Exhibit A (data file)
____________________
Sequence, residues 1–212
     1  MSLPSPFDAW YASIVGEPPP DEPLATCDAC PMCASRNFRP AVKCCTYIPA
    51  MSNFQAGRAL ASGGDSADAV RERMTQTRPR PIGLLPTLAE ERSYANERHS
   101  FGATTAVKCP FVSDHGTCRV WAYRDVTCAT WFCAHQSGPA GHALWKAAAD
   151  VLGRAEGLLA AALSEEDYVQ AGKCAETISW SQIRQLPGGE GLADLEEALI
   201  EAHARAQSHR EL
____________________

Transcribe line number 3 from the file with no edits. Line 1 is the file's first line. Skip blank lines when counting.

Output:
    51  MSNFQAGRAL ASGGDSADAV RERMTQTRPR PIGLLPTLAE ERSYANERHS